When we went back out, it was Guy time. Just to be clear, Teddy Riley is in both Blackstreet and Guy. But Guy is older, started in 1988, so the true die-hard Teddy Riley fans were really in their element now. I was a little indifferent, until Johnny Gill came out, and I was like “what is happening,” then Wreckx-N-Effect came out and sang “Rump Shaker,” and I was all “I can’t.” It was fantastic. Also, they kept doing that new, cool thing where they say, “Now scream!” and everyone obeyed. That was fun. 

There were a number of times when Teddy would single out the people in the house “over 25,” without realizing that no one in the audience was close to 25. He’d say, “Only stand up for this song if you’re over 25,” and I’d stand up but have no idea what the song was. I don’t know that he’s totally clear on what year it is. Also, I went to the bathroom at one point, and when I came back, he was just in the middle of the audience, on a chair or something, singing with his shirt off.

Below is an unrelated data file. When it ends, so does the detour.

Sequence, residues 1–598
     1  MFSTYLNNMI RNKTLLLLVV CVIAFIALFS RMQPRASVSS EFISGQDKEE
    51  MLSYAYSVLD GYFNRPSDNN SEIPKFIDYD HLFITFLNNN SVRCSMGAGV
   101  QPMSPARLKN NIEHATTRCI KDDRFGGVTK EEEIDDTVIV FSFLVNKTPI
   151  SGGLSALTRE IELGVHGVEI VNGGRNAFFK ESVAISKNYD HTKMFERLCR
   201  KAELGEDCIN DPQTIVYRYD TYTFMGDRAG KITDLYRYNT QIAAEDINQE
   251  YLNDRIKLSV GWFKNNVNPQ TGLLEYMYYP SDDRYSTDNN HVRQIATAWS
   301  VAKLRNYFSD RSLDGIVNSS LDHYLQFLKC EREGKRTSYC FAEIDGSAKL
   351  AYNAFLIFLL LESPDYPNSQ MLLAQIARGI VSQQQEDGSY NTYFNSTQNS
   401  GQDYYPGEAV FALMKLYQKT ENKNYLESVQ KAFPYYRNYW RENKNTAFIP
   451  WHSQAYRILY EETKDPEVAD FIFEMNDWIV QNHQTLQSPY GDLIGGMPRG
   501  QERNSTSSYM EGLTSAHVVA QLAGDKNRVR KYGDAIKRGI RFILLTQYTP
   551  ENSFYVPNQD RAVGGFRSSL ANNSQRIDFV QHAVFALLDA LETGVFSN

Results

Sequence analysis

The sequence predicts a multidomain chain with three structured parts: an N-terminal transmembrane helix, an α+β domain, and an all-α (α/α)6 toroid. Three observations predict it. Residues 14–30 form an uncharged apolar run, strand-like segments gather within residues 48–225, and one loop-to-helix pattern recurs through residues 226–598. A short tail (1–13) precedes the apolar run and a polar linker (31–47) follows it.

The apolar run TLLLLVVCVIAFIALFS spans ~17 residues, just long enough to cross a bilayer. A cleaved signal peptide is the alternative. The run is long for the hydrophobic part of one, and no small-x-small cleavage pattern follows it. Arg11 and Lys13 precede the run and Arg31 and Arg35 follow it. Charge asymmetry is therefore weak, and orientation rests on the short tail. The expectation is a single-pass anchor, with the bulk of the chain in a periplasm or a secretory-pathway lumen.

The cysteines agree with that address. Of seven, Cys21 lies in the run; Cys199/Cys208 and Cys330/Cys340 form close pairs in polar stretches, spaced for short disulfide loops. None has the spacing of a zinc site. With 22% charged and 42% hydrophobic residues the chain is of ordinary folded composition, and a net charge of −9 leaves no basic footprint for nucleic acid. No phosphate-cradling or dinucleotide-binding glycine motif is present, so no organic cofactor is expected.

Before we knew it, the show was over. El Debage never came out, and no one really cared. All in all, it was a great night. No diggity, no doubt.


On Monday morning, my boyfriend and I stepped onto the train together. The train was pretty full, but we were able to find seats. As we sat down, we heard something loud coming from the corner. There a man sat, a bluetooth speaker in his lap, blasting very loud, very bad rap music. He and his girlfriend nodded along. 

This didn’t seem so unusual at first. Most New Yorkers have been on a subway car with someone blasting ratchet music from his cell phone. And it’s obnoxious, of course. But this was different, and not just because this guy thought went through the trouble of hooking up his music to this massive bluetooth speaker. David and I listened for a moment, and both of us were unable to identify the terrible song playing (normally if we put our hip-hop brains together, we can come to some conclusion). 

“It’s his own music,” said David.